If you want to connect with me, tell me why. With just this simple effort, I am usually more than happy to accept.

Success doesn’t come to you. You go get it.


4 strategies to grow your LinkedIn network

As you build your LinkedIn network, you add those who you believe can connect you to Someone Really Important for your career. Believe it or not, you are the Someone Really Important to someone else, with whom others will want to connect.

There are generally four strategies for how LinkedIn users manage their connection requests. You do not need to be a strict adherent to any one of these strategies, but you should put some thought into how you want to grow your network.

Strategy 1: Connect with low-active users you know. These users tend to have the barest minimum of a profile and only a handful of connections. If you know the person well, perhaps you pay it forward, connect with them, and help them improve their profile.

Strategy 2: Follow the rules. LinkedIn encourages users to connect with only those you know in real life, who know you well enough to Recommend or Endorse you. This is a sensible way to begin growing your network. Eventually, though, you will get a request to connect with someone you don’t know (because you are their Someone Really Important!). Whether you accept that request or not will depend on your willingness to adopt another strategy.

Strategy 3: Become a LinkedIn Open Networker (LION), accepting any and every request in an attempt to grow your network as large as possible. LIONs believe that by increasing their first-degree connections, they greatly increase the likelihood that a second-degree connection is the Someone Really Important that they want to meet. The challenge is, because the real-world relationship with many of the first-degree connections is low or non-existent, getting to the second-degree connection they want is still essentially a cold-call. You may decide this is a good strategy for yourself. Still, I suggest that you start out more conservatively until you can see how your network works for you.

Strategy 4: Selectively increase your network. Perhaps you accept a request from someone you don’t know (yet) because they are doing what you want to do, or because they work for a company in which you are interested, or because they simply wrote a compelling connection request. Or you may decide to ignore the request. Whether you decide to accept or ignore the request is up to you. But if you decide No, then simply ignore the request. Do not send a note explaining why. Chances are they simply did not have a good strategy for requesting a connection – which you will, after you read my next post.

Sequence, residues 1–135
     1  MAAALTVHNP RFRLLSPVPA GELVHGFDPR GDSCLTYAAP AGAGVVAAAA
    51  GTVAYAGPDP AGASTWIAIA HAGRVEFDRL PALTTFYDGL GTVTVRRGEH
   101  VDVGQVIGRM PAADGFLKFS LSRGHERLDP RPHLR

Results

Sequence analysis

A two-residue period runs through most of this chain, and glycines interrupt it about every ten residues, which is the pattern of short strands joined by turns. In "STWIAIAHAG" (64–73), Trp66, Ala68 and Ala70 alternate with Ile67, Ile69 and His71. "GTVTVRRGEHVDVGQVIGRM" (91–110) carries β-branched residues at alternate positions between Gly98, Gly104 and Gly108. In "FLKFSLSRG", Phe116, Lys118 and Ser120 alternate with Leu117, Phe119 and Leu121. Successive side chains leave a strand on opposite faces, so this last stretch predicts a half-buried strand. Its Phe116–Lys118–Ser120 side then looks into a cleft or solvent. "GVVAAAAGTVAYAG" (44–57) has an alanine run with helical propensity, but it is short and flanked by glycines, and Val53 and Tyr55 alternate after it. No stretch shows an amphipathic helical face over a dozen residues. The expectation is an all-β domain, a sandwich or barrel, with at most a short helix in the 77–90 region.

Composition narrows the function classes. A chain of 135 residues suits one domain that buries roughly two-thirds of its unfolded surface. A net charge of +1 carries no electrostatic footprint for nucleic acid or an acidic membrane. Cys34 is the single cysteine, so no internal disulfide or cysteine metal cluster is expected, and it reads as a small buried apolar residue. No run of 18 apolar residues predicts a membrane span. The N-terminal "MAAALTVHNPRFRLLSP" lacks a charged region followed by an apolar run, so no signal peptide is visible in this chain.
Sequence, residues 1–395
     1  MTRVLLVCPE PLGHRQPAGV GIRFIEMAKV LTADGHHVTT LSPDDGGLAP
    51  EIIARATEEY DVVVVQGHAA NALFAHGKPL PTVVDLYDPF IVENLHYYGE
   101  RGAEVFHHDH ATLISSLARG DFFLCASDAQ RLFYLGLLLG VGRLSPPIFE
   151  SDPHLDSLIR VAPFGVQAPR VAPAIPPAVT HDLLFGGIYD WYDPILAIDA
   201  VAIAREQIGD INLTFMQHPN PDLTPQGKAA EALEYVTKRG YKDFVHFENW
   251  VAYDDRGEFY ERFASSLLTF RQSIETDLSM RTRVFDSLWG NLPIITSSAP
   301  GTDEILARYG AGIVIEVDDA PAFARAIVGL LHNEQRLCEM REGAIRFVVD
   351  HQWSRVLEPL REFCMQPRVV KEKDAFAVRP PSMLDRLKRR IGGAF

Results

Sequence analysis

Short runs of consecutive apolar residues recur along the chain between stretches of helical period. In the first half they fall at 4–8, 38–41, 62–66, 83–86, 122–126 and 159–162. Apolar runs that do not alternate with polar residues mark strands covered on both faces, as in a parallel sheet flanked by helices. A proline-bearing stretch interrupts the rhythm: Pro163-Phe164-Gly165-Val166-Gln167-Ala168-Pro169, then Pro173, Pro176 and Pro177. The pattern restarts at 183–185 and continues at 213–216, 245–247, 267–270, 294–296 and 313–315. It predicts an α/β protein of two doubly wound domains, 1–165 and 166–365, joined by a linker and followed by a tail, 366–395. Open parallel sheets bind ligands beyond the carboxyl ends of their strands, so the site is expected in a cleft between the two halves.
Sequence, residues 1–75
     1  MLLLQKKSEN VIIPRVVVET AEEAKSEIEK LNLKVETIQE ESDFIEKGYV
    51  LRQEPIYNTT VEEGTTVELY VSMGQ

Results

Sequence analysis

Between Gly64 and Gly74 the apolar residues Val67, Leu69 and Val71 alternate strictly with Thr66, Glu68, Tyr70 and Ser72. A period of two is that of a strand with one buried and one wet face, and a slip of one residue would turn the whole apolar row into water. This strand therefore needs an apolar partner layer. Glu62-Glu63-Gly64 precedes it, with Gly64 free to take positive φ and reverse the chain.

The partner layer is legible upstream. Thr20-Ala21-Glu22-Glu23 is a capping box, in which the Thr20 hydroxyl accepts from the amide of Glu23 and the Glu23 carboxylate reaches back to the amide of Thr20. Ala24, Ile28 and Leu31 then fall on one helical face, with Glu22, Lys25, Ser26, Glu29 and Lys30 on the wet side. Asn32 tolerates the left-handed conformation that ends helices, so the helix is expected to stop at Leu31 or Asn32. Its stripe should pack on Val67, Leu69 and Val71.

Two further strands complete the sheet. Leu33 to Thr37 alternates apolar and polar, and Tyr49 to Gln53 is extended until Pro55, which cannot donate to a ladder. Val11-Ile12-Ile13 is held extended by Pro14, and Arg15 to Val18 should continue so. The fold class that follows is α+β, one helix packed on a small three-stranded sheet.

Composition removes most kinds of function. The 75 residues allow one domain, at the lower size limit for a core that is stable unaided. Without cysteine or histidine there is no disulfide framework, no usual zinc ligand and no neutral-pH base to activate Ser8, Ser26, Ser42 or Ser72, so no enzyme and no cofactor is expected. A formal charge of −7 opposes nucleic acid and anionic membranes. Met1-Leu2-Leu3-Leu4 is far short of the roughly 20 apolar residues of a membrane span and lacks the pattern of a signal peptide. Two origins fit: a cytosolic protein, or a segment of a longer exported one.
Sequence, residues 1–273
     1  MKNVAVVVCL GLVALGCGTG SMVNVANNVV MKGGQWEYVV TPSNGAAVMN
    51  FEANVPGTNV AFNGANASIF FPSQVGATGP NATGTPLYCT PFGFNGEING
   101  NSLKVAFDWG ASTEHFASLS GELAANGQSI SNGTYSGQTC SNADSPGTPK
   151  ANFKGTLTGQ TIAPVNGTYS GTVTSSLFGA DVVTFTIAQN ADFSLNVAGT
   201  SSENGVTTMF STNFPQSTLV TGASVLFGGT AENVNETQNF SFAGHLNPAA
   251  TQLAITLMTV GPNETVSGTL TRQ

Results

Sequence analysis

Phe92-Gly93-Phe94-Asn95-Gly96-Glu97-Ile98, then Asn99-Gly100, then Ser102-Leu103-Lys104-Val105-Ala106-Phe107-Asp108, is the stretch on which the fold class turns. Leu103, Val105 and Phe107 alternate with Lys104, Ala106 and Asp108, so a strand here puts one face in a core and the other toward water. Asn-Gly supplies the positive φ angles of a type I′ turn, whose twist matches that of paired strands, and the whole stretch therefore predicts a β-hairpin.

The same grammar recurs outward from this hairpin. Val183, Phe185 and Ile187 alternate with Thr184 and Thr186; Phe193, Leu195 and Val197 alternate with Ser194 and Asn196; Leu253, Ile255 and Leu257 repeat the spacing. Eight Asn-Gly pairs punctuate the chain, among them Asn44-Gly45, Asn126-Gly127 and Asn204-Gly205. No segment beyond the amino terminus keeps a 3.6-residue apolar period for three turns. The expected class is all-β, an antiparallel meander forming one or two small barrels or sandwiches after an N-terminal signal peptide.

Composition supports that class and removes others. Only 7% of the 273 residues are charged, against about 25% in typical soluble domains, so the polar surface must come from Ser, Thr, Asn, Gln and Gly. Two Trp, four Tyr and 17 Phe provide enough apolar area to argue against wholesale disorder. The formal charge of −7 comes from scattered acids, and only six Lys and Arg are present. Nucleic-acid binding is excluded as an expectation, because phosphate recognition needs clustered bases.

Success doesn’t come to you. You go get it.

Seven additional sections to complete your LinkedIn profile

In an earlier post, I talked about the five basics for a solid LinkedIn profile. There are still other sections to which many LinkedIn users give little attention. By completing these sections, you increase the likelihood of your profile getting noticed.

1. Recommendations

The ability for anyone who knows you to write a recommendation is one of the best features of LinkedIn. The best ways to get a recommendation is to ask for one (they will need their own LinkedIn profile to link to yours), or even better, by writing a recommendation for someone else.

2. Skills and Endorsements

You are allowed to include up to 50 skills, for your connections to “endorse” you. Some social media experts question the value of Endorsements because it is easy for anyone click a link. However, LinkedIn is committed to Endorsements, and between two otherwise equally qualified profiles, the one with the more Endorsements will rank higher on a search, and is therefore more likely to be noticed.

3, 4. Honors and Awards and Organizations

Include your professional awards or recognition, and any professional organizations or associations you belong to.

5. Education

On resumes, I typically recommend you do not include dates of your education. Include education dates on your professional profile, however, because it allows you to find and connect with classmates during and around your years in school. Certainly, include all degrees earned and any additional coursework that supports your professional goals.

6. Volunteer Experience & Causes

I am a huge advocate of volunteering. If your volunteer experience is relevant to your profession, then I suggest including it in the Experience section; you gained relevant skills. Otherwise, include volunteer experience here, to show that you are a well-rounded person.

The “Causes You Care About” and “Organizations You Support” sections have pre-filled pull-down menus. Completing these sections again show that you are well-rounded.

7. Interests

Social Media experts agree that you should include Interests, but they differ on how. Some say you should include your personal hobbies, as a way to showcase your personality and as a hook for potential connections (“You like long-distance running? So do I!”). Others suggest this is another area to include key words for your professional branding, to benefit search engine optimization. I choose to include my hobbies, though I do not have a strong opinion either way.


In a future post, I will give more suggestions about how to optimize your profile.

Success doesn’t come to you. You go get it.